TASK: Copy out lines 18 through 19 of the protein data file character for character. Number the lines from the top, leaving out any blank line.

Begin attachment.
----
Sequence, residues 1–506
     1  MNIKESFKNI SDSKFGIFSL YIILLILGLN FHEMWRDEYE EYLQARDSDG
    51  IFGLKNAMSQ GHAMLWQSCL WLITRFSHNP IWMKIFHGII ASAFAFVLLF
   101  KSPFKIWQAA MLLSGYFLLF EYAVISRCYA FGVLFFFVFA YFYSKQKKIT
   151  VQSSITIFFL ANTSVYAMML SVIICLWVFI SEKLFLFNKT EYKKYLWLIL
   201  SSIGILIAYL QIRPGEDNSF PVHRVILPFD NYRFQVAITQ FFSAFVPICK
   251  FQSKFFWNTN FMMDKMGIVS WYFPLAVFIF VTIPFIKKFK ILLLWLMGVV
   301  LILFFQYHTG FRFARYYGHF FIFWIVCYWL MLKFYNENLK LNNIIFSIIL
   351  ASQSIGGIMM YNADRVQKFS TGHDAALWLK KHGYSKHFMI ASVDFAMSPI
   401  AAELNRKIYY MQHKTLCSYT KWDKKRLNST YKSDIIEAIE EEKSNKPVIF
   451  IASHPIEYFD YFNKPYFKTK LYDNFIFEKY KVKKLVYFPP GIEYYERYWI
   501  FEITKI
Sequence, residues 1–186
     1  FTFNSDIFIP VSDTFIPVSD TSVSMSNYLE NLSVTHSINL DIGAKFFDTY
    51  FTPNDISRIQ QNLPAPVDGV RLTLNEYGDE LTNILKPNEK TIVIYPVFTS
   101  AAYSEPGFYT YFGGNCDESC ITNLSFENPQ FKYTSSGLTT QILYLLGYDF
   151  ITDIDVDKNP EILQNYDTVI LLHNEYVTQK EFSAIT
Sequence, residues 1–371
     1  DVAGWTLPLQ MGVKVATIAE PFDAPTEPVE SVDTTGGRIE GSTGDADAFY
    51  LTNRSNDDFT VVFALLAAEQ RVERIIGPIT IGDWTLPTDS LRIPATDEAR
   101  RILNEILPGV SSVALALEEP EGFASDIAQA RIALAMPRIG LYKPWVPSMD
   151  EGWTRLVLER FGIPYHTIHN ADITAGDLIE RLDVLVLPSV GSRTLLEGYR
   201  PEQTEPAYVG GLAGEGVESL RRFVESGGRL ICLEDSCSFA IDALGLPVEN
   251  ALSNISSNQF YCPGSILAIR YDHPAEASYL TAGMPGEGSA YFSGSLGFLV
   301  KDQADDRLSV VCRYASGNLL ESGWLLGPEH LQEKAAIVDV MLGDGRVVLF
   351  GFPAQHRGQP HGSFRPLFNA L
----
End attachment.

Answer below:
Sequence, residues 1–371
     1  DVAGWTLPLQ MGVKVATIAE PFDAPTEPVE SVDTTGGRIE GSTGDADAFY